If you’re unhappy, lack a sense of purpose, or are worried about finances, an encore career might be the solution for your new pensioner life. Right now, an estimated 4.5 million people between the age of 50 and 70 in the United States alone are enjoying encore careers.
What might you do in an encore career? Here are nine possibilities.
Encore Career #1: Go Part Time
One method of having an encore career is to keep the position you have, but phase it down. You might work 10 or 20 hours per week. Employers vary on whether they will allow this, but if you have one who will and you love your job, go for it.
Encore Career #2: Consult in an Area Related to Your Current Position
If your employer isn’t for you going part time, but you like the position you had for most of your working life, starting a part-time consultancy is an excellent choice. If your work lends itself to this, have business cards made, contact some clients, and you’ll be on your way.
Encore Career #3: Bring Your Expertise to a Nonprofit
There are currently 1.4 million nonprofits in the U.S., contributing 5.5 percent of the gross domestic product. Nonprofits do everything from raise funds to combat cancer to help the homeless. They almost always need help in many areas. Whether you worked in project management, recruitment, sales, or accounting, you could help virtually any nonprofit immensely. An encore career at a nonprofit often starts as a volunteer position before turning into a paid one.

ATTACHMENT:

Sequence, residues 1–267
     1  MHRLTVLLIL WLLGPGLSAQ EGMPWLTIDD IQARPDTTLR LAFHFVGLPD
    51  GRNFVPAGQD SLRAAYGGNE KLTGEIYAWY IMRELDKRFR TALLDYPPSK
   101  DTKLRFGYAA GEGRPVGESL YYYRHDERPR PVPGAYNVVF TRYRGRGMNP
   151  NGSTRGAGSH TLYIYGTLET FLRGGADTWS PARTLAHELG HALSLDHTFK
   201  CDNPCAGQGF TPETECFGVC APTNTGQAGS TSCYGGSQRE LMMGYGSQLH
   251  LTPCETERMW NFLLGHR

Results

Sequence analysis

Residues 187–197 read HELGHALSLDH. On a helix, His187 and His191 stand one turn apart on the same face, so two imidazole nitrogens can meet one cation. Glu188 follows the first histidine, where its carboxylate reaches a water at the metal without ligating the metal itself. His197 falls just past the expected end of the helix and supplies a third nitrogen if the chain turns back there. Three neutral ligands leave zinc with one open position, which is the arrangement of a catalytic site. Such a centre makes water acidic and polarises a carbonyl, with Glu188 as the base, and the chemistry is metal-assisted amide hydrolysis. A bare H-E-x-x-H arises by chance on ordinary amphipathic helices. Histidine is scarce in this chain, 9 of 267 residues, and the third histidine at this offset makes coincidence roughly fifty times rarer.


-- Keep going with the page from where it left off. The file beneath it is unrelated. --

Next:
Encore Career #4: Pursue a Passion
Each of us is multifaceted with many interests. Working full time and raising a family doesn’t leave much time to deal with everything we’re passionate about. Retirement can be a time to finally learn to paint, play the hammered dulcimer, or restore Shaker furniture. If you can turn that into a passion that will earn you some money, you’ll be killing two birds with one stone and finally following your passion!
Encore Career #5: Help Your Grandkids’ Generation
Do you have a gift for reading Dr. Seuss out loud? Do you make reading an important part of every day? Why not make an encore career helping children learn to read? Many schools would gladly employ a tutor who’s comfortable working with the kids, and who is mature and stable.